Registered: 1503385410 Posts: 10
Reply with quote #1
I've found a really good deal on a GIANT TCX SLR 2 cyclocross bike. Alloy frame, carbon fork, tiagra 20 speed 46/36 and the RS405 hydro brakes with 12 mm thru axles front and rear, tire clearance about 45 mm.
How would it work as a strictly gravel bike? I am only interested in riding gravel, not cyclocross. Is it to stiff? A to racy geometry?
It is a quite common bike so I expect a few of you gravel people out there would know!
Registered: 1423685547 Posts: 52
Reply with quote #2
I love mine and have had it for three seasons. It has never been used in a cyclocross event and never will. It was simply my less-expensive option to try this gravel grinding thing.
After 7 years of nothing but full suspension MTB riding, I found the ride to be extremely harsh. Everything hurt after long, aggressive rides. We don't have many mild gravel friendly rides around here, so I was normally riding my regular MTB routes. I loved the explosive acceleration and hated the jarring downhills. After the first season, I had to chose between retiring the TCX or making some serious changes. This is what worked for me - 1. Upgrade to a Lauf Grit fork. Whether you like or hate the "look" there is no denying that it completely changes the handling and harshness of the ride. My arms and shoulders felt better instantly and I could carry almost any dirt corner faster with the improved tire contact. 2. Upgraded the POS Giant wheels to Belgium+ rims with 360 hubs. Over 2k miles later and the rims are as straight as the day they went on. I'm 180# and run (tubeless) 30psi front and 36 rear. This really muted the stiff rear end and improved the loose dirt handling. 3. With so many steep climbs on my routes, I switched to a 11-40 rear cog with a Wolf link and mid-cage RD. My knees now love me and I easily keep up with my MTB buddies. Me - 57 with a lifetime of accidents, broken bones, really bad knees, etc. If you're 25 or a lifetime road rider, you may not need such "comforts". For me, it made riding SO much nicer (I'm only riding my MTB once or twice a year) I've run Rebecca's Private Idaho, the Lost and Found and Chino Valley Grinder since the upgrades with no issues or regrets. This past summer I started bikepacking and the TCX is proving to be bombproof. If money were no object, I would move onto the Cutthroat without blinking. Good luck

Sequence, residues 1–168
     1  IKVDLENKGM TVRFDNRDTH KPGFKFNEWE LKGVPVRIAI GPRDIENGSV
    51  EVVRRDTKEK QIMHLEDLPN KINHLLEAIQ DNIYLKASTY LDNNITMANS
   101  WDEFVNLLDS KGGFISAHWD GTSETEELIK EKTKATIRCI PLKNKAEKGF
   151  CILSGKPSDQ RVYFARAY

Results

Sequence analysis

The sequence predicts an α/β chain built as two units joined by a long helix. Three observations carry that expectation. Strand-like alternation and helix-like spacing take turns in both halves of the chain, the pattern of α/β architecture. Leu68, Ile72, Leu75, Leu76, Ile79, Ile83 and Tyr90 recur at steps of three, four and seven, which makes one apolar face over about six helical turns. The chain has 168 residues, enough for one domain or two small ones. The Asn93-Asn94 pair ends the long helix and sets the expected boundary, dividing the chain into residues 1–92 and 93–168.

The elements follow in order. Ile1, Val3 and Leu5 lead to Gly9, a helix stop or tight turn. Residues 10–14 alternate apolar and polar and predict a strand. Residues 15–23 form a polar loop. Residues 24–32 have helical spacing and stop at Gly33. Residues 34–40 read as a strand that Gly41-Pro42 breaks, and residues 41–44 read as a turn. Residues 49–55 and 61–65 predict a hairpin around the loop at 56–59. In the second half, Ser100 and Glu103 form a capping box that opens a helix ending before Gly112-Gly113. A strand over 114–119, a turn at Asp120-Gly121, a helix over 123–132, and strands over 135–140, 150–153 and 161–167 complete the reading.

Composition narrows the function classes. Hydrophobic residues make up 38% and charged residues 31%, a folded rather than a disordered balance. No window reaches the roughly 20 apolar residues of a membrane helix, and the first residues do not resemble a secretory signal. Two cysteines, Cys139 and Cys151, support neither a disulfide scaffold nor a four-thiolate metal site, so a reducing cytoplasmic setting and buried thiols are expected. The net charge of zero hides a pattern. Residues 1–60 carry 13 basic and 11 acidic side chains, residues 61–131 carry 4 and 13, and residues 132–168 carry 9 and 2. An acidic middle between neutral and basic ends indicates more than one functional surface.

Registered: 1491310034 Posts: 11
Reply with quote #3
i looked at the Giant back in the spring but ended up buying the 2018 Trek Crockett 5 when it came out. I got a good deal at the time. Alloy frame, carbon fork SRAM Rival 1 drive train, etc. I'm of the opinion if you are just trying to get in for cheap (which I did) any of these bikes are great.
Once you put on some beefier tires (I went with 40c Kenda Flintridge) that you can run at lower pressures it makes the bikes very smooth. You'll want to eventually upgrade the wheelset since they come with sturdy but heavy stock rims. You'll also want to change out the cassette for better climbing like OTHRider says.
I really dug in and did research on geometry and optied for the Trek as it seemed to have a little more gravel friendly geometry (American CX geometry vs. Belgian CX like the Giant). However, all these bikes work great on Gravel...I was only splitting hairs at the time and got a good deal on the Trek due to a spring sale by Trek. There are lots of things you can do to make a CX bike an excellent Gravel machine.
If you are only riding for gravel make sure your bike has: the big 3 - disc brakes, thru-axles front and back, good tire clearance (at least 40c size clearance)